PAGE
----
Sets the label for the backup. If none is specified, a default value of pg_basebackup base backup will be used.
Enables progress reporting. Turning this on will deliver an approximate progress report during the backup. Since the database may change during the backup, this is only an approximation and may not end at exactly 100%. In particular, when WAL log is included in the backup, the total amount of data cannot be estimated in advance, and in this case the estimated target size will increase once it passes the total estimate without WAL.
When this is enabled, the backup will start by enumerating the size of the entire database, and then go back and send the actual contents. This may make the backup take slightly longer, and in particular it will take longer before the first data is sent.
Enables verbose mode. Will output some extra steps during startup and shutdown, as well as show the exact file name that is currently being processed if progress reporting is also enabled.
The following command-line options control the database connection parameters.
Specifies the host name of the machine on which the server is running. If the value begins with a slash, it is used as the directory for the Unix domain socket. The default is taken from the PGHOST environment variable, if set, else a Unix domain socket connection is attempted.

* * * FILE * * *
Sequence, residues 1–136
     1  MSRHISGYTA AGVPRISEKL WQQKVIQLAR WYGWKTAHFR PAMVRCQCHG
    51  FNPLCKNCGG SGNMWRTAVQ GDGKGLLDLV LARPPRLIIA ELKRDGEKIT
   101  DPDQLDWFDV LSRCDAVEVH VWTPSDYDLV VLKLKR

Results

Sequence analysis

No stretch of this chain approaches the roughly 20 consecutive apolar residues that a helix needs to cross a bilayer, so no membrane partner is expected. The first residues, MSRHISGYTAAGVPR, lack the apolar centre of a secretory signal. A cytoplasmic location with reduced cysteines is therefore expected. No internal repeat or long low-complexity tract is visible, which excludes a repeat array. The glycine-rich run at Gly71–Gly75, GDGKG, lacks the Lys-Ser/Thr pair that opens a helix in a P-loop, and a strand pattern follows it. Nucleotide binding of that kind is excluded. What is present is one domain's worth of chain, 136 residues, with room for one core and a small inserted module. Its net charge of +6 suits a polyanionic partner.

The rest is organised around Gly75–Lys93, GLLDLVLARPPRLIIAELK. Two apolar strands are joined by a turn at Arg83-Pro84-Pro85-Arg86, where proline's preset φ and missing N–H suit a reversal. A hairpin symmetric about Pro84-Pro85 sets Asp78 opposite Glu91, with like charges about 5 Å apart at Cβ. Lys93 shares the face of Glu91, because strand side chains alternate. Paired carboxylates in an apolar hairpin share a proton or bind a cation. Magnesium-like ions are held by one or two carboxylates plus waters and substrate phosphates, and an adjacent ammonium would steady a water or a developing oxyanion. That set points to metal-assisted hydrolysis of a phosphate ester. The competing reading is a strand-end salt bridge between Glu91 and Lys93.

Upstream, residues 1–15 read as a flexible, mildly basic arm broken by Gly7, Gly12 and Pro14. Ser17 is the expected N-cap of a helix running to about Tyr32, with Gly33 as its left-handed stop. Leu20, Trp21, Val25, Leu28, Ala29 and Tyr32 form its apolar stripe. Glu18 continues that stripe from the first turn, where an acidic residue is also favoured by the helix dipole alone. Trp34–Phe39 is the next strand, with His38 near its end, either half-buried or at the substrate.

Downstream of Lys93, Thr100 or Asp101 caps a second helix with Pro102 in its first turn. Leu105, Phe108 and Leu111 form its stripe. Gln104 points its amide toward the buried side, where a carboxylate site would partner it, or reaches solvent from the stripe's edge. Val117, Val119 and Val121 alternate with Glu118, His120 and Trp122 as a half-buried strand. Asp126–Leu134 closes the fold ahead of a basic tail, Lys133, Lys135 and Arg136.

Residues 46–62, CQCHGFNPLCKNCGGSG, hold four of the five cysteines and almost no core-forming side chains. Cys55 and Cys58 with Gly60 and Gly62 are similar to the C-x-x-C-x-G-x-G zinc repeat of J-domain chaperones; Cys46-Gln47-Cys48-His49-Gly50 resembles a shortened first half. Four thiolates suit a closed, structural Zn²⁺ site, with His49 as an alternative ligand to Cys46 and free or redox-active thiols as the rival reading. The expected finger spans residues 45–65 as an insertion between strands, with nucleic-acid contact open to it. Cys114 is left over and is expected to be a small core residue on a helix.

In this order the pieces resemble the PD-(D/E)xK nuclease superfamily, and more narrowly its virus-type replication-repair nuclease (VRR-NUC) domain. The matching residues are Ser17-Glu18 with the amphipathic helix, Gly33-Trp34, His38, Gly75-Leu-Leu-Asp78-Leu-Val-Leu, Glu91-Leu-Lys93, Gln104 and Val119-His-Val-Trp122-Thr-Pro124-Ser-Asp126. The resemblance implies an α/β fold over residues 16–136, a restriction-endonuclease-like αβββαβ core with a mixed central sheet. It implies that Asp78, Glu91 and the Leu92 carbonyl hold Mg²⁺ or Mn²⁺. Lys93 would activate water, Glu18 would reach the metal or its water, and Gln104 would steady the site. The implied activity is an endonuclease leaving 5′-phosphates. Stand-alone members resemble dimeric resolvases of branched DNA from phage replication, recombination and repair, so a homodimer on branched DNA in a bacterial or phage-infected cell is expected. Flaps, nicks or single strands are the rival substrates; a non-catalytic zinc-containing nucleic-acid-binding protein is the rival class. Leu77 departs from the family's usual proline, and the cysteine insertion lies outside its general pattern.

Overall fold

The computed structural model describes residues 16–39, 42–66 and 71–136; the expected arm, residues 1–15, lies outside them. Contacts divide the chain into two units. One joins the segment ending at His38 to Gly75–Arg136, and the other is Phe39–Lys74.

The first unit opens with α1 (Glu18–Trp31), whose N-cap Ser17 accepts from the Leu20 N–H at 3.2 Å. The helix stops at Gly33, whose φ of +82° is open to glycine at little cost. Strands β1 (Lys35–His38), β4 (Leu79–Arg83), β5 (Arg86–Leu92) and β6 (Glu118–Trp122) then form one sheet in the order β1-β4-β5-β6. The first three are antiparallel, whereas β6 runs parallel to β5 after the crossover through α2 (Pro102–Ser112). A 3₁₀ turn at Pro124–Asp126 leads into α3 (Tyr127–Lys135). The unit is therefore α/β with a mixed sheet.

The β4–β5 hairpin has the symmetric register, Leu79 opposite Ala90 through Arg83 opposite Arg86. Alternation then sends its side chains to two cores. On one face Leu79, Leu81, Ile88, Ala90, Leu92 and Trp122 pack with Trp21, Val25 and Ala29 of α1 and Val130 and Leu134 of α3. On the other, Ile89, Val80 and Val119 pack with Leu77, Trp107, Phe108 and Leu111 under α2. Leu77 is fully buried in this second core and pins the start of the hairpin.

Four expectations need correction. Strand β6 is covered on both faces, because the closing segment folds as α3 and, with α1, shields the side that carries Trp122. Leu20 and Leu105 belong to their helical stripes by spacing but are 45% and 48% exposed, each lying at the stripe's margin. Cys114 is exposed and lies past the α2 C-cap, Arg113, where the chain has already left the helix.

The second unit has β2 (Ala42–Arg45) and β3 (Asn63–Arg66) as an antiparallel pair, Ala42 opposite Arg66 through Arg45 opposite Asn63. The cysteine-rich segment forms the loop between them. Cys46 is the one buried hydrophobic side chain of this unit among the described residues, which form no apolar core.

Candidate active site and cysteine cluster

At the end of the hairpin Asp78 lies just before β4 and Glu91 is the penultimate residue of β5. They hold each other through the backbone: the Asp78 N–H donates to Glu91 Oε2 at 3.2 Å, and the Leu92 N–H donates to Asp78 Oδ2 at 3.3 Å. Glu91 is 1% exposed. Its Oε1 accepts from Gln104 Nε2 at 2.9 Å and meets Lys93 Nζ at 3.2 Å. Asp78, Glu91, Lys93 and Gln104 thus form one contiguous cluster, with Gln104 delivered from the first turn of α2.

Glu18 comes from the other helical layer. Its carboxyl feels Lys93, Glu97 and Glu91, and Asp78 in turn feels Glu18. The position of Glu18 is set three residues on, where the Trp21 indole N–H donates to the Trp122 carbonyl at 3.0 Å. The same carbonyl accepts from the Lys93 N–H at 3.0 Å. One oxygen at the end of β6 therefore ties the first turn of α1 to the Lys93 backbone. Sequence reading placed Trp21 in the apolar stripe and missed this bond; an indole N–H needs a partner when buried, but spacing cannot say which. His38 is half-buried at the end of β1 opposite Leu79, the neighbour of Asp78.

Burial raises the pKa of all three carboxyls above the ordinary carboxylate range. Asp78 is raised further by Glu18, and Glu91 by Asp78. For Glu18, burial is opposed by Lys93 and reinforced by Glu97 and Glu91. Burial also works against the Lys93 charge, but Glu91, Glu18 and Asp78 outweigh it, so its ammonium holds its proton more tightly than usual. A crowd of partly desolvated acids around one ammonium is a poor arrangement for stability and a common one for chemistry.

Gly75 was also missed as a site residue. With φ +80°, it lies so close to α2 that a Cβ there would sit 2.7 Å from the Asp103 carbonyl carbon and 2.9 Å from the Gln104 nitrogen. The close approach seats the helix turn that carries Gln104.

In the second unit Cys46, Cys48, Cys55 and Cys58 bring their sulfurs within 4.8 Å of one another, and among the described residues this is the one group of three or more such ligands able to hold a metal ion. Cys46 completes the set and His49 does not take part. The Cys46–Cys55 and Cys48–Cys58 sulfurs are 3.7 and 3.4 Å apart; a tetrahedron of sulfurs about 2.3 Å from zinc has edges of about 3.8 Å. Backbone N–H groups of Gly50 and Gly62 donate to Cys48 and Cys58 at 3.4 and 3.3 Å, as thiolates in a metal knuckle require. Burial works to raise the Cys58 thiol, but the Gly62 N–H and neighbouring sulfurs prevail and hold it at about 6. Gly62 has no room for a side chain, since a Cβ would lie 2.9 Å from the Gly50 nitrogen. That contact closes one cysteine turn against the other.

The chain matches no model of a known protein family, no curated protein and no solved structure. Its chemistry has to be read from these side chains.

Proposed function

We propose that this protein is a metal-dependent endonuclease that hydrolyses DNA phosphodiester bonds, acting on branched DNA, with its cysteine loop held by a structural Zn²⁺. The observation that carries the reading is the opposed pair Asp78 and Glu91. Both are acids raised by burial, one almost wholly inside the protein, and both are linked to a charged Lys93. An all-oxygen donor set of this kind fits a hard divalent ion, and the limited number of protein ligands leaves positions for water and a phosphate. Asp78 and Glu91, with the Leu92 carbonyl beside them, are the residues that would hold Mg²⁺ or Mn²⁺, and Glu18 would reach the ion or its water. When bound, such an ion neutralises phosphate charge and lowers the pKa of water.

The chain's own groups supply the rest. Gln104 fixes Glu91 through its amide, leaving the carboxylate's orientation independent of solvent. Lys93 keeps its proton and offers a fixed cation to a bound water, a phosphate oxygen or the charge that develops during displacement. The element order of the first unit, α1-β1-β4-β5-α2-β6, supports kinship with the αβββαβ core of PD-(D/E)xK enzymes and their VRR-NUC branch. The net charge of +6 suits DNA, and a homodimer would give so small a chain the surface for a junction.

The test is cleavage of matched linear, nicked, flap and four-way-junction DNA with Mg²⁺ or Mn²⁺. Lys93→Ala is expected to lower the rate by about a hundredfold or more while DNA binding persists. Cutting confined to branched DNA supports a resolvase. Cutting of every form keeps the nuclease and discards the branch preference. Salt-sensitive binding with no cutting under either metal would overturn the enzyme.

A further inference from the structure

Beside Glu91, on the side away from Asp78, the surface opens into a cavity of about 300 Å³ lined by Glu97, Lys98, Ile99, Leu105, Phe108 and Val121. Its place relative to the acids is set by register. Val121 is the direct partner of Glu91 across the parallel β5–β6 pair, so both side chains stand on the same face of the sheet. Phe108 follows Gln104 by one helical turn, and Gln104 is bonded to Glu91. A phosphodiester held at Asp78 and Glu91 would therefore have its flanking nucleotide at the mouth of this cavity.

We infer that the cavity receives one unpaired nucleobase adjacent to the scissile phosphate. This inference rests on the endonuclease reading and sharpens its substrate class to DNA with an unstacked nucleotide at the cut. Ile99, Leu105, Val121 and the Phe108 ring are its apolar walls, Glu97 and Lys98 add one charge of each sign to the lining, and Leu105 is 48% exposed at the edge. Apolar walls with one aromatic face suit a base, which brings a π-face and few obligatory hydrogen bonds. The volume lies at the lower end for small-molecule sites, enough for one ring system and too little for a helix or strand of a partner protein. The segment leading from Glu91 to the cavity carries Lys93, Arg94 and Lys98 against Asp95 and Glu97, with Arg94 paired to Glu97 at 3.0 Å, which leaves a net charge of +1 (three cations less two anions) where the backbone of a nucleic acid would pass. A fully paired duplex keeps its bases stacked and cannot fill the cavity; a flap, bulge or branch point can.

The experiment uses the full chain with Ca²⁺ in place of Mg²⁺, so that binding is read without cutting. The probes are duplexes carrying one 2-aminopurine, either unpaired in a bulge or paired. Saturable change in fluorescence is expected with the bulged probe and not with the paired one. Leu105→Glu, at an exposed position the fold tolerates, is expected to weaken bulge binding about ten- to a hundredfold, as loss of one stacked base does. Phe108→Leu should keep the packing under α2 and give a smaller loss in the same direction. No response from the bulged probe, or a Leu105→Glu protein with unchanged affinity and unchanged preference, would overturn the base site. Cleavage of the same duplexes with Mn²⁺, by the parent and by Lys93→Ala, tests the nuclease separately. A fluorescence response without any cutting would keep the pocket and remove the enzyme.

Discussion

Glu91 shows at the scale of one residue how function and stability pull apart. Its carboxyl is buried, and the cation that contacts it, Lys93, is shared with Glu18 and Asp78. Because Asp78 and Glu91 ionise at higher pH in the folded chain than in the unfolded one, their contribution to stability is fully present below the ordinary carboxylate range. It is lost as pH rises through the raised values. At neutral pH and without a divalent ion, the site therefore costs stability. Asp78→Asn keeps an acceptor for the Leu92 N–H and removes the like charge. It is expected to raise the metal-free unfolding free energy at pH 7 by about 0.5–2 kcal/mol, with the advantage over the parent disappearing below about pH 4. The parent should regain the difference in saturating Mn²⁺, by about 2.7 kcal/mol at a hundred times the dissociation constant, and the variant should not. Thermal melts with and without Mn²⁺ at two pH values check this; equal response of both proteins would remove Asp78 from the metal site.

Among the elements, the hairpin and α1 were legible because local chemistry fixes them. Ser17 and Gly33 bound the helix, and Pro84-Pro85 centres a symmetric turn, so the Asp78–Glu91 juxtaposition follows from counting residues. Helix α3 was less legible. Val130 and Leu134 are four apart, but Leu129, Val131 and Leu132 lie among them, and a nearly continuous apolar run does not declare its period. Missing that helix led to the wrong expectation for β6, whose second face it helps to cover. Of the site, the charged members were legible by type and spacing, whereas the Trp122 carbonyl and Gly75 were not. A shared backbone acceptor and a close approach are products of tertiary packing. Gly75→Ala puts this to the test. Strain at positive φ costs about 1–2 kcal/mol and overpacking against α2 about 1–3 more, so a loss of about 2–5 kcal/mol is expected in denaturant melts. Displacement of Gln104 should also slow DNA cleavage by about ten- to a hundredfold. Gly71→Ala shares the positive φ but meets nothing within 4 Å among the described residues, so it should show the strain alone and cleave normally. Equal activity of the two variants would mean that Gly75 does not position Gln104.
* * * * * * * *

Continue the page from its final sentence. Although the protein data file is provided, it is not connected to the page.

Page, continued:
Specifies the TCP port or local Unix domain socket file extension on which the server is listening for connections. Defaults to the PGPORT environment variable, if set, or a compiled-in default.
User name to connect as.
Never issue a password prompt. If the server requires password authentication and a password is not available by other means such as a .pgpass file, the connection attempt will fail. This option can be useful in batch jobs and scripts where no user is present to enter a password.
Force pg_basebackup to prompt for a password before connecting to a database.
This option is never essential, since pg_basebackup will automatically prompt for a password if the server demands password authentication. However, pg_basebackup will waste a connection attempt finding out that the server wants a password. In some cases it is worth typing -W to avoid the extra connection attempt.
Other, less commonly used, parameters are also available:
Print the pg_basebackup version and exit.
Show help about pg_basebackup command line arguments, and exit.
This utility, like most other PostgreSQL utilities, uses the environment variables supported by libpq (see Section 31.13).
The backup will include all files in the data directory and tablespaces, including the configuration files and any additional files placed in the directory by third parties. Only regular files and directories are allowed in the data directory, no symbolic links or special device files.
The way PostgreSQL manages tablespaces, the path for all additional tablespaces must be identical whenever a backup is restored. The main data directory, however, is relocatable to any location.
To create a base backup of the server at mydbserver and store it in the local directory /usr/local/pgsql/data:
$ pg_basebackup -h mydbserver -D /usr/local/pgsql/data
To create a backup of the local server with one compressed tar file for each tablespace, and store it in the directory backup, showing a progress report while running:
$ pg_basebackup -D backup -Ft -z -P
To create a backup of a single-tablespace local database and compress this with bzip2:
$ pg_basebackup -D - -Ft | bzip2 > backup.tar.bz2
(This command will fail if there are multiple tablespaces in the database.)